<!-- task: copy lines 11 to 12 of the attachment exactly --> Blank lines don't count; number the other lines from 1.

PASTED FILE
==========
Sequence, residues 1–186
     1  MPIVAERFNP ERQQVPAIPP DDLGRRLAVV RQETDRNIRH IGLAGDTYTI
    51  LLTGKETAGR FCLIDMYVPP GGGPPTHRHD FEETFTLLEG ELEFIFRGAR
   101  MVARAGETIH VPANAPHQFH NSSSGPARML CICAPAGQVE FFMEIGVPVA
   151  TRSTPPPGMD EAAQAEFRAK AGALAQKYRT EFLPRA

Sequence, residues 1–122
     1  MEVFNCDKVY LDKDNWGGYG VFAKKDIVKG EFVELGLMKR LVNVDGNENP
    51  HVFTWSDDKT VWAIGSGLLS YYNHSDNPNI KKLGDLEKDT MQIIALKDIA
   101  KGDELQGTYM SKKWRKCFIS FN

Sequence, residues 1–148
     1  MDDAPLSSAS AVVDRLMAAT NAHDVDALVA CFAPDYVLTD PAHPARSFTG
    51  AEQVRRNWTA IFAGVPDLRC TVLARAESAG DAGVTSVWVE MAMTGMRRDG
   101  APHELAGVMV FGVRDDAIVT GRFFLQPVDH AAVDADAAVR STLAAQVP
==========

     1  MDDAPLSSAS AVVDRLMAAT NAHDVDALVA CFAPDYVLTD PAHPARSFTG
    51  AEQVRRNWTA IFAGVPDLRC TVLARAESAG DAGVTSVWVE MAMTGMRRDG